When Tim Brown joined the design consulting firm IDEO in 1987, the company’s repertoire was pretty straightforward. They designed products: the first computer mouse for Apple, the first laptop computer for GRiD Systems, a personal digital assistant for Palm, and more.
But, somewhere between then and now, the company changed direction.
Now, they’re focused on solving design problems out in the real world, like figuring out how to improve systems for voting, blood donation, and education. In Peru, IDEO brought together a team of engineers, education experts, and architects to create a school system from scratch.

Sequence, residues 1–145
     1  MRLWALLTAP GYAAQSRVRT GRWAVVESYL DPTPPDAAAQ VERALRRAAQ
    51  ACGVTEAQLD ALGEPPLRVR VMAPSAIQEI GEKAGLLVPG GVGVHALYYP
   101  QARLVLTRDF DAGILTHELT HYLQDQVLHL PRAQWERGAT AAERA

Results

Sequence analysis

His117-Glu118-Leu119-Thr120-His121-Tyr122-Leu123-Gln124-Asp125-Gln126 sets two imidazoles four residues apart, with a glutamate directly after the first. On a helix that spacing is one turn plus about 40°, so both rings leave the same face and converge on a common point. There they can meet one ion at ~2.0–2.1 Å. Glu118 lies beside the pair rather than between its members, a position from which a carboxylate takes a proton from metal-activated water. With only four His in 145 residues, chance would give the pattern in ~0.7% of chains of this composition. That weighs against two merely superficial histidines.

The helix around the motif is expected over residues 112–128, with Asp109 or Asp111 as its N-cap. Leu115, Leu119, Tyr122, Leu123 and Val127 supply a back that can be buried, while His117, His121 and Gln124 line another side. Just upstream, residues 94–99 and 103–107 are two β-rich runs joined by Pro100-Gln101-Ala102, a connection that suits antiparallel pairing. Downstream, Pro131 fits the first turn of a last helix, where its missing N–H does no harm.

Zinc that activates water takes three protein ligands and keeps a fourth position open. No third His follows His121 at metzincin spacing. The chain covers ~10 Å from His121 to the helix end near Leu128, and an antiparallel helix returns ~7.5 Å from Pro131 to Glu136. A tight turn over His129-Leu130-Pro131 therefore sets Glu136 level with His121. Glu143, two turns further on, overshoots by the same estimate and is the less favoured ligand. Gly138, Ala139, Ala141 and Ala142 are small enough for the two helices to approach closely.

It was a significant pivot for a company that cut its teeth on early computer hardware, but it also reflected a bigger shift in the design community at the time. Back in the 1970s, writers like Victor Papanek pushed designers to use the same skills and workflows that created consumer goods to tackle global challenges in food supply, population growth, and the environment.
We sat down with IDEO CEO Tim Brown at this year’s TED conference and asked him to break down the steps of design thinking. Watch the video above to hear how he does it, and what it means for the future of design.